Freezing Reveals Lithium Battery Surprise

Freezing Reveals Lithium Battery Surprise

Author: ChemistryViews.org

The solid-liquid interface of the anode and the electrolyte plays an important role in the performance of a lithium-metal battery. However, it often is poorly understood owing to the lack of high-resolution characterization methods that are compatible with both solid and liquid components. It is known that dendritic deposition of lithium metal and the formation of solid-electrolyte interphase layers are key determinants of battery safety and performance in high-energy-density lithium-metal batteries. However, what exactly is involved in these processes occurring at the solid-liquid interface, is unclear.

Lena F. Kourkoutis and colleagues, Cornell University, Ithaca, NY, USA, have adapted a technique that is used for cryo-transmission electron microscopy (cryo-TEM) of hydrated specimens in biology to immobilize liquids by rapid freezing. They used the modified technology to freeze the liquid electrolyte and by this preserve it and the structures at the solid-liquid interfaces in lithium-metal batteries in their native state. The team then mapped their structure and chemistry.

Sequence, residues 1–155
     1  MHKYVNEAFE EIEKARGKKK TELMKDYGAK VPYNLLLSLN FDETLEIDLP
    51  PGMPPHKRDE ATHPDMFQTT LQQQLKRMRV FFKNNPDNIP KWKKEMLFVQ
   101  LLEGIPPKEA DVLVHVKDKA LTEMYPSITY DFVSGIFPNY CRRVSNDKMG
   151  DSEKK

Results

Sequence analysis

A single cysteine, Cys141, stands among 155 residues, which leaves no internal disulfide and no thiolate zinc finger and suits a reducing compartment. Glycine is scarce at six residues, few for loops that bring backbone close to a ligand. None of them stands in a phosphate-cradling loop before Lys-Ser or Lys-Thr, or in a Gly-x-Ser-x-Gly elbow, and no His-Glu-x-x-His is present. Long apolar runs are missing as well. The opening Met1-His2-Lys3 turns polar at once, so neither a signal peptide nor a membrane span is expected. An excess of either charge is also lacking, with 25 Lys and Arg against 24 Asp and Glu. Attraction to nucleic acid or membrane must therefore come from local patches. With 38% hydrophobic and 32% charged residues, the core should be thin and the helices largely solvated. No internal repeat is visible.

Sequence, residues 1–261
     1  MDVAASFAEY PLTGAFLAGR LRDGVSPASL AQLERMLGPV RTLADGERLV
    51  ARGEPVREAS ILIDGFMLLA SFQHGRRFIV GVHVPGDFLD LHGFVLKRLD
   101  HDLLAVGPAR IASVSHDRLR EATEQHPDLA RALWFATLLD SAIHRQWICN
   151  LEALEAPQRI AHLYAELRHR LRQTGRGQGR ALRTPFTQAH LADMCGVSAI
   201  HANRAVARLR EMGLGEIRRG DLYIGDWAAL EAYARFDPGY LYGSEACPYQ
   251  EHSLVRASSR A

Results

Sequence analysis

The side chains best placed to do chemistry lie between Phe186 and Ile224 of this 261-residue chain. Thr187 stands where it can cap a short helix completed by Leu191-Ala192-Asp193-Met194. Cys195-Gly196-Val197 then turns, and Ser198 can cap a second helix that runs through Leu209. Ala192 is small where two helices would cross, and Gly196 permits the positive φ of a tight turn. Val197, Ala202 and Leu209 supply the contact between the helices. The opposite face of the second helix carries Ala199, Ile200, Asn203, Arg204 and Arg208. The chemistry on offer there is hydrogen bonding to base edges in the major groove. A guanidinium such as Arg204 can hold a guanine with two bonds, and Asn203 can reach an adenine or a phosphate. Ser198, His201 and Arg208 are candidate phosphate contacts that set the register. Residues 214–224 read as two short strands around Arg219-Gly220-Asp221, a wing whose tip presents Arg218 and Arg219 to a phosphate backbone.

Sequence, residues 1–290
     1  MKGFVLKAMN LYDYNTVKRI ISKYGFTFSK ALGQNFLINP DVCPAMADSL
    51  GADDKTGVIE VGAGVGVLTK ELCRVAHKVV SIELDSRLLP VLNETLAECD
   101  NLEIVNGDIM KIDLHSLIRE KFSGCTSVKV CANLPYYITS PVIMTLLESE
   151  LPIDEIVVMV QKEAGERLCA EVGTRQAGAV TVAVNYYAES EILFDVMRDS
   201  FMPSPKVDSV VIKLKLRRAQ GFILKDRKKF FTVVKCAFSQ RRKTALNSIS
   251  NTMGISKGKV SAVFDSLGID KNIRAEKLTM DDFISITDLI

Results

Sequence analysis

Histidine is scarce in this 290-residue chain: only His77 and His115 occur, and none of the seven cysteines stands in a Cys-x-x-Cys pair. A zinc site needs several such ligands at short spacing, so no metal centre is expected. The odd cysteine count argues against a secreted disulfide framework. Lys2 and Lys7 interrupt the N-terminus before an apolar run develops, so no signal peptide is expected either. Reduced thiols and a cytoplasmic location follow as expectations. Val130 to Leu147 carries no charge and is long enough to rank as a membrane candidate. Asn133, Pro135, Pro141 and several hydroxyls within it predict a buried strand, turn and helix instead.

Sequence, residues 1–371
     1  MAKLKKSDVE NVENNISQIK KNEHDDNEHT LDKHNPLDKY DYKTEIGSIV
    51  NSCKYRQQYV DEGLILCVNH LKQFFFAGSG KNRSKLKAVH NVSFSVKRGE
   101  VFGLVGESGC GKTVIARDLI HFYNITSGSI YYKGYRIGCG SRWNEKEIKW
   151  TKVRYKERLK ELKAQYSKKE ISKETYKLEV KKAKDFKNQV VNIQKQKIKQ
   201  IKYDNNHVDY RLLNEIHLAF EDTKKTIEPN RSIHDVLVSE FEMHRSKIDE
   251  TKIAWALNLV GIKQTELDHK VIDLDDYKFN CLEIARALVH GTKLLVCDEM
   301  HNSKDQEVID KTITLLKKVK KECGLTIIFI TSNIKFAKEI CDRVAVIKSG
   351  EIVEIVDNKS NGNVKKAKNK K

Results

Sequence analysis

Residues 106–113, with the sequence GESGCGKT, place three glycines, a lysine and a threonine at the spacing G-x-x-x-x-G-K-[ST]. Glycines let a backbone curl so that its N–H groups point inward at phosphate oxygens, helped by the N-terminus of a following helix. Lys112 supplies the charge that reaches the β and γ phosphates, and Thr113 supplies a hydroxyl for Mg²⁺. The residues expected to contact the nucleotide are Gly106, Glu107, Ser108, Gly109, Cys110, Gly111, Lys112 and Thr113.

The researchers have identified two dendrite types coexisting on the lithium anode, each with distinct structure and composition. One family of dendrites (lithium metal dendrites) has an extended solid-electrolyte interphase layer, approximately 300 to 500 nm thick, much larger than has been previously observed. This finding suggests that more lithium is irreversibly lost to the solid-electrolyte interphase layer than previously thought. The other family of dendrites unexpectedly consists of lithium hydride instead of lithium metal. These dendrites are thin, brittle, have winding structures, and are likely to break away from the electrode during battery charge-discharge cycling. This may contribute disproportionately to loss of battery capacity.

According to the researchers, these insights into the formation of lithium dendrites demonstrate the potential of cryogenic electron microscopy for probing nanoscale processes at intact solid-liquid interfaces in functional devices such as rechargeable batteries.


Leave a Reply

Your email address will not be published.